Back to the question I asked my friend: Where did she go to get advice and tips for how she posts? She told me that she was part of a group text with other friends who were content creators, where they shared tips and offered support. Many of them subscribe to industry newsletters or work with agencies who give them advice about how and what to post. Others seek out internet forums for answers to their questions. 

I started looking into some internet forums where these conversations take place. There are a number of subreddits dedicated to answering people’s questions about how the TikTok algorithm works, advice for boosting visibility on Instagram’s algorithm, avoiding/appealing shadowbans, and similar topics. The posts in these forums range from the didactic (“Post at least 6 times a day. Upload history like 2 of those. HASHTAGS VERY important.”) to the supportive (“Why don’t you try some challenges ? Like challenge people to do ex: 5 pushups everyday and have your own hashtag.”). There is a real sense of camaraderie, with posts expressing frustration  (“I have been banned for more than a month now and they are not reviewing my appeal”) and affirmation (“Yeah this has been happening to my videos as well.” I decided to use these posts as a starting point from which I could explore further. 

Coding the project

After setting up Reddit API credentials, I scraped posts and their comments from these subreddits using Reddit’s PRAW, filtered by specific flairs (e.g. “Algorithm Question / Shadowbanned”). I imported a Python module written by Prakhar Rathi, and then wrote a script that would scrape the posts and comments and save the dataset as a CSV. I combined the data and converted it into a JSON file.

I thought about what I wanted to do with this dataset of ‘algorithmic gossip’, especially in an art gallery setting. I considered curating a selection of the data in a book or zine. I also considered building an ML model to generate new advice from this dataset.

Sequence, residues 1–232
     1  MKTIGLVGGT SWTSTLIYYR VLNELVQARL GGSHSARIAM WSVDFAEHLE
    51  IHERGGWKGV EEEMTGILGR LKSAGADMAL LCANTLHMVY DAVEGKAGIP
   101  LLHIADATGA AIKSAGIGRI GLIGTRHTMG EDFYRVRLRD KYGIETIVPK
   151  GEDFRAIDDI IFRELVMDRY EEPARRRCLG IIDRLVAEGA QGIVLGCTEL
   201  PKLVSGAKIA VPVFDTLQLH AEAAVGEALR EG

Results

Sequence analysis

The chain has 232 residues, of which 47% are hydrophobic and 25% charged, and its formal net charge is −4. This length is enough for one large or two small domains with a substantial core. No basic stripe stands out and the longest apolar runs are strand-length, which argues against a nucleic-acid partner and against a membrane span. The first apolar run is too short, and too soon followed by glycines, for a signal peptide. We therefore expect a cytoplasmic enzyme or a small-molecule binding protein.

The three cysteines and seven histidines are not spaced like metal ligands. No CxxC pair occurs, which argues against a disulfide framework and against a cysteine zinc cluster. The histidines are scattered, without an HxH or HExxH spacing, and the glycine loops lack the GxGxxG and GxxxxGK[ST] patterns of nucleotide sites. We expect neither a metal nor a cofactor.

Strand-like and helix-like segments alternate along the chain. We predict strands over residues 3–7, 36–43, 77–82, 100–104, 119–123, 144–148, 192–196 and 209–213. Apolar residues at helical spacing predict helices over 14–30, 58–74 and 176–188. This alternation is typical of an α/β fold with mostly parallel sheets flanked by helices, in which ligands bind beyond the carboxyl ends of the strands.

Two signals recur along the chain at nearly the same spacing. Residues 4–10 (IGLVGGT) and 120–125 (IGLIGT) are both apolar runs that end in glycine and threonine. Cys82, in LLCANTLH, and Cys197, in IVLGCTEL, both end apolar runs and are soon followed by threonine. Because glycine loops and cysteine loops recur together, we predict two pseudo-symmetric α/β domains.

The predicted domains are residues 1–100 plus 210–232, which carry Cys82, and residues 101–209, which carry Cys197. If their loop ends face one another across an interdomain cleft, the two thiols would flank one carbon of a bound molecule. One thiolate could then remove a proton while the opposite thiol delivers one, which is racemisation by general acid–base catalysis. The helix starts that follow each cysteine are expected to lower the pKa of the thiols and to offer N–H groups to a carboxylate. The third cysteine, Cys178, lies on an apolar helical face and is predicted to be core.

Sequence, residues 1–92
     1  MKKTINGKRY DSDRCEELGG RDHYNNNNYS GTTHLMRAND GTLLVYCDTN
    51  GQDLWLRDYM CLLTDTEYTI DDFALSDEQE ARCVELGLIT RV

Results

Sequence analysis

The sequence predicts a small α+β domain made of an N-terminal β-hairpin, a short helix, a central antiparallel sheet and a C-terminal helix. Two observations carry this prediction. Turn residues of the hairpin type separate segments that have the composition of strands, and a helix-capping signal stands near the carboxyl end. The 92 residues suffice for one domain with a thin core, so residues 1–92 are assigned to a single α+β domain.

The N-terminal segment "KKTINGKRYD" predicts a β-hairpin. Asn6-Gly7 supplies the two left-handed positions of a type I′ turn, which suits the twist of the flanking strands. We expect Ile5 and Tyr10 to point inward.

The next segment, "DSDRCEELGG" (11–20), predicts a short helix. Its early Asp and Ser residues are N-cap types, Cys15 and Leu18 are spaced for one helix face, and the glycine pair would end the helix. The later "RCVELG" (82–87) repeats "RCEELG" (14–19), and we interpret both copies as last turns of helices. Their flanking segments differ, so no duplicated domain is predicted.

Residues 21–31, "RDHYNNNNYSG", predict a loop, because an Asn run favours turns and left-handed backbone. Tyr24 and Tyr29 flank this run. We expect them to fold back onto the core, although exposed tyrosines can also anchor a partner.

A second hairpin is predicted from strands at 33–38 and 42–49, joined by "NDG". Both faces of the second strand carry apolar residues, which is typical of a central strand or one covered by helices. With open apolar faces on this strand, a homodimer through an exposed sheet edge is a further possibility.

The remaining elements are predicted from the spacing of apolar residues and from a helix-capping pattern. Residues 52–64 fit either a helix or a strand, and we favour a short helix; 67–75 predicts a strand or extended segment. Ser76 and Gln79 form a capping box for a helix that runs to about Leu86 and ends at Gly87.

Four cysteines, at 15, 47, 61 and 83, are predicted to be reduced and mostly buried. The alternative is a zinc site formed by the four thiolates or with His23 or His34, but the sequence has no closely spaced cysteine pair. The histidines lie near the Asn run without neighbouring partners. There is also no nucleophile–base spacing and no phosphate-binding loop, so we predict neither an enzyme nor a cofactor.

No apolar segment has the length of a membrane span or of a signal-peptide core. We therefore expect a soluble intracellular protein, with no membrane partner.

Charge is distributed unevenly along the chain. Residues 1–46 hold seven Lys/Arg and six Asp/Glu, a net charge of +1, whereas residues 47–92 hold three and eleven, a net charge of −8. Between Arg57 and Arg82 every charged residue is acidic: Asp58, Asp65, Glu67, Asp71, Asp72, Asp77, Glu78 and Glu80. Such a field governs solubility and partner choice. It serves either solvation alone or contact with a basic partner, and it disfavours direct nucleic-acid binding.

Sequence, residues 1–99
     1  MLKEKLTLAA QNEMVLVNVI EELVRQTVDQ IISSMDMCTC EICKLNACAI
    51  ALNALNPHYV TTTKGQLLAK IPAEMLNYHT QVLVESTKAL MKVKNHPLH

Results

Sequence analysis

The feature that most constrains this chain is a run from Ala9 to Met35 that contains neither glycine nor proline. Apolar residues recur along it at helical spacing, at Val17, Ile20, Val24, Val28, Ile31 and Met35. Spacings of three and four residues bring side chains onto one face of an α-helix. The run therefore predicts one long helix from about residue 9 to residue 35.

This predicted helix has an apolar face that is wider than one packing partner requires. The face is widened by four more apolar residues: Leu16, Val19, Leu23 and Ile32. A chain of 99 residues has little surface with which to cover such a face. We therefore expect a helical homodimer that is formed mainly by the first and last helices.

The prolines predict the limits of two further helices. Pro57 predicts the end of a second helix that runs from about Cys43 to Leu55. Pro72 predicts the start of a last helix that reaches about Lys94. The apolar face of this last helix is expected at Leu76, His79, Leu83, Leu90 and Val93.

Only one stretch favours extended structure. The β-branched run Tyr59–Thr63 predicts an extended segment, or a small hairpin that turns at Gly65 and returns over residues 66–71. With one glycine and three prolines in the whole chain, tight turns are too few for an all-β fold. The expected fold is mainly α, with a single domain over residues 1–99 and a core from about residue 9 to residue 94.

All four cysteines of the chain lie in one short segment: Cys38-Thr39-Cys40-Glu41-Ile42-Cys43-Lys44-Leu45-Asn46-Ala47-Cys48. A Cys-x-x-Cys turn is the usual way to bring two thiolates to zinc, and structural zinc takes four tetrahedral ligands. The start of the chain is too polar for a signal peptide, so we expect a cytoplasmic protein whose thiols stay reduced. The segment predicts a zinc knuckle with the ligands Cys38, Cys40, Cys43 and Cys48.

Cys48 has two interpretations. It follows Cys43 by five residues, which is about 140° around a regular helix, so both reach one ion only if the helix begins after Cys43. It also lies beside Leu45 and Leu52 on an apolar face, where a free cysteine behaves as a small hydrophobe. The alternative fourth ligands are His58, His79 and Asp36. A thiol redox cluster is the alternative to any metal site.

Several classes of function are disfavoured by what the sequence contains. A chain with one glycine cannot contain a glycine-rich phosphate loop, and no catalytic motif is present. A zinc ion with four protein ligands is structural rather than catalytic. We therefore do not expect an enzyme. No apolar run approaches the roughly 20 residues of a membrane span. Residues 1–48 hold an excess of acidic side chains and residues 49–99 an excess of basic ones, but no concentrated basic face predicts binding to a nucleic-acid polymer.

I thought about some of the previous exploration of voice technology I had done with my collective tendernet, and considered the ways we think about gossip as spoken: it has an aural quality. I got really excited about the creative potential for a voice interaction – could you call a phone number and get a voice message? Pick up an object, put it to your ear, and a message plays? With one tendernet collaborator Zoe Bachman, we brainstormed some ideas and agreed on an aesthetic: y2k tech girlie. Another collaborator Katrina Peterson took the aesthetic concept and iterated some cute logo designs.

Ahead of the 2022 Internet Yami-Ichi, I decided to build a web-based piece (see the prototype here) that employs text-to-speech. I built the website using JavaScript, making use of the p5.js and p5.speech.js libraries. Each time you click the page, a new piece of ‘algorithmic gossip’ appears and is read out loud in an unnatural-sounding robotic voice. I tested out different qualities of the voice, including testing out a “whisper” (it sounded terrifying).

Testing it out

Testing out the piece at the Internet Yami-Ichi was a lot of fun. The energy of the event was very much a cross between an art book fair, a bazaar, and an art gallery. I talked to lots of people who came through about the concept behind the project and got some great ideas. I was also inspired by hearing more about Angie Waller’s work with Unknown Unknowns; she is also working with comments and pictures scraped from the internet.

I want to continue refining and exploring this dataset through different creative explorations. 


Sara Ahmed. 2021. Complaint! Duke University Press, Durham.

Sara Ahmed. 2018. Refusal, Resignation and Complaint. feministkilljoys. Retrieved May 7, 2022 from

Sophie Bishop. 2019. Managing visibility on YouTube through algorithmic gossip. New Media & Society 21, 11–12 (November 2019), 2589–2606. DOI:

Sophie Bishop. 2020. Algorithmic Experts: Selling Algorithmic Lore on YouTube. Social Media + Society 6, 1 (January 2020), 205630511989732. DOI:

Taina Bucher. 2017. The algorithmic imaginary: exploring the ordinary affects of Facebook algorithms. Information, Communication & Society 20, 1 (January 2017), 30–44. DOI:

Michael A. DeVito, Darren Gergle, and Jeremy Birnholtz. 2017. “Algorithms ruin everything”: #RIPTwitter, Folk Theories, and Resistance to Algorithmic Change in Social Media. In Proceedings of the 2017 CHI Conference on Human Factors in Computing Systems (CHI ’17), Association for Computing Machinery, New York, NY, USA, 3163–3174. DOI:

Michael Ann DeVito. 2021. Adaptive Folk Theorization as a Path to Algorithmic Literacy on Changing Platforms. Proc. ACM Hum.-Comput. Interact. 5, CSCW2 (October 2021), 1–38. DOI: